Emily Blair, Michelle Illuminato, Phuong Nguyen: Invisible Places

  • ©,



    Invisible Places


Creation Year:



    Interactive Installation


    12 feet X 12 feet



Artist Statement:

    Next Question is a group of three artists who have been collaborating since 1994: Emily Blair, Michelle Illuminato, and Phuong Nguyen. Next Question is committed to involving the audience directly in the art – both in its development and, through interactivity, in the piece itself. Summaries of our work can be found on our Website (nextquestion.org).

    “Invisible Places,” our installation for SIGGRAPH’s N-Space, is part of a conceptual mapping project that took place in Buffalo, New York. Working in collaboration with women and girls in Buffalo, we examined the diverse ways in which women perceive and navigate urban space. Entitled “Two Degrees of Separation,” this project and accompanying installation were part of CEPA Gallery’s Unlimited Partnerships Series. “Two Degrees of Separation” included material from our earlier mapping project, the “South Side Atlas,” which took place in the South Side neighborhood of Pittsburgh. In symmetry with this previous work, we concentrated on the area of South Buffalo. Attention to these specific urban spaces allowed stories of women’s interactions with the city to emerge, yielding a mingling of narratives rather than essentializing generalizations. However, the project continually flowed beyond the borders of South Buffalo, as indeed had been the case in Pittsburgh.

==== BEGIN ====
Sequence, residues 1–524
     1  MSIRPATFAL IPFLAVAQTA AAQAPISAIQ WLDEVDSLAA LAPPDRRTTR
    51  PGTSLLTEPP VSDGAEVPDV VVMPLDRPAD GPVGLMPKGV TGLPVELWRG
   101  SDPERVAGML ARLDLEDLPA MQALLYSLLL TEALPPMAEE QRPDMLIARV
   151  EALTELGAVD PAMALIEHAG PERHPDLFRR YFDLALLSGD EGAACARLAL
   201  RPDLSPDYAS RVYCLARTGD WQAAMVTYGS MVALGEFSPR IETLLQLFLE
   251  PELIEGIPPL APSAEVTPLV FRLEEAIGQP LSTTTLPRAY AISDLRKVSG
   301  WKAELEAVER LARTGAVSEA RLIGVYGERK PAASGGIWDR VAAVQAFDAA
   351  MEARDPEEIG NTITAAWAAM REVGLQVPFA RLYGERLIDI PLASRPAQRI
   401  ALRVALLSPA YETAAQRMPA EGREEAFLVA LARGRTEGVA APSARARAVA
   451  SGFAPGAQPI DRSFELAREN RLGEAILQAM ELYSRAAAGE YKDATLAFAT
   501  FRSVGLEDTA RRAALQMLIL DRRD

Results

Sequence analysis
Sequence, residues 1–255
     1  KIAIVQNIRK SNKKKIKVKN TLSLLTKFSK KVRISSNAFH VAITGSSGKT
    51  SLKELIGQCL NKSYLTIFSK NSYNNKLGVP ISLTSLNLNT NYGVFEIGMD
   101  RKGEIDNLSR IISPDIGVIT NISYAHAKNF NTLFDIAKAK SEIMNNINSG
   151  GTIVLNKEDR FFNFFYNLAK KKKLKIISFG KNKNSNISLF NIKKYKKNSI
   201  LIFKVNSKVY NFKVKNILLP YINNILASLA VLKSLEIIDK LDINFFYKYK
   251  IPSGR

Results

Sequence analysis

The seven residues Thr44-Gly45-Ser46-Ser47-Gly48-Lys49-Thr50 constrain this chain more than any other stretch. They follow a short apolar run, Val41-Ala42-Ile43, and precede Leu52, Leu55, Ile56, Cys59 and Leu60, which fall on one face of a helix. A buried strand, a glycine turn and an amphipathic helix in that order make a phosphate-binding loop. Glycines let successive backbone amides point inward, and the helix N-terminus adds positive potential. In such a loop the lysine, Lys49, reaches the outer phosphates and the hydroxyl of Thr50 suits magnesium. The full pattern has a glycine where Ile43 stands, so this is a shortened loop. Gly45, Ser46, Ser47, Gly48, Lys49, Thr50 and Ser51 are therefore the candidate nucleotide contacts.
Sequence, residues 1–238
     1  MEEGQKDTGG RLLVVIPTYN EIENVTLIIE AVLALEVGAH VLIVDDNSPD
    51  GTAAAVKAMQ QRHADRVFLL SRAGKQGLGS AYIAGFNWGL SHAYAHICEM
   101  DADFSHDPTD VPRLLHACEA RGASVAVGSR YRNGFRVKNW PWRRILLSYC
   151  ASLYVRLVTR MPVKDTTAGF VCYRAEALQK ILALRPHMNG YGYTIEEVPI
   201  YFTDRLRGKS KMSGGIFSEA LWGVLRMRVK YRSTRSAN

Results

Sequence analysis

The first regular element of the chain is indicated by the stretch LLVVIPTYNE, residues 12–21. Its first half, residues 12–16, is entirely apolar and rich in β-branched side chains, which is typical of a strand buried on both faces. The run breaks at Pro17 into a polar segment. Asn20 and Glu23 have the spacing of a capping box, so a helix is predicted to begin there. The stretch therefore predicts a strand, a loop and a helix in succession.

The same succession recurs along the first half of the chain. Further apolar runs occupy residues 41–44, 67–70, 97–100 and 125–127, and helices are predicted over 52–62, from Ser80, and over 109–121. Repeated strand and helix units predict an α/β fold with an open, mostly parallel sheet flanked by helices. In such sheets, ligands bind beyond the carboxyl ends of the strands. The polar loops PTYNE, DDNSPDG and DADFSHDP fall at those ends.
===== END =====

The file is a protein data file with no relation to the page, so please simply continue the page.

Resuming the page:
For we strive to keep our approach as flexible as possible. The question of how women navigate space is admittedly a broad one; its ambiguity allowed many points of entry for collaboration. In Buffalo, we worked with the Urban Girls, a group of middle school and high school poets who conducted their own interviews and composed new poetry about urban space, which they read on opening night at CEPA Gallery. Three of the girls also created an audio tour of places important to them, which is included in Invisible Places.

    The title “Two Degrees of Separation” reflects both the proximity between participants as well as that between Buffalo and Pittsburgh. It also describes the structure of the interactive installation, where specific stories were placed side by side. For the “Invisible Places” part of the project, we asked women and girls to talk about where they were most and least comfortable. By plugging headphones into jacks in a chalkboard, visitors can hear portions of the interviews and then add their own observations using chalk. For SIGGRAPH, we have added a computer component that allows visitors to share their thoughts regarding digital or online space. The narratives enhance, redirect, and contradict one another, yielding a variety of stories about how women experience space.

Affiliation Where Artwork Was Created:

    Next Question

Other Information:

    The Urban Girls who participated in “Two Degrees of Separation” are Aquila Alexander, Vanessa Blaylock, Moira Carman, Regina Ernst, Leslie Feldballe, Michelle Ferri, Dominique Gadley, Faith Houston, Shalona Hogue, Gretchen Kamke, Dominique Montgomery, Shari Rosario, Rebecca Sipos, Lydia Thornton, and Ashley Watkins. Their teacher is Suzanne Diffine. CEPA’s Unlimited Partnerships was supported by the Andy Warhol Foundation for the Visual Arts, Communication Workers of America, The John R. Oishei Foundation, Mid Atlantic Arts Foundation, The National Endowment for the Arts, and The New York State Council on the Arts.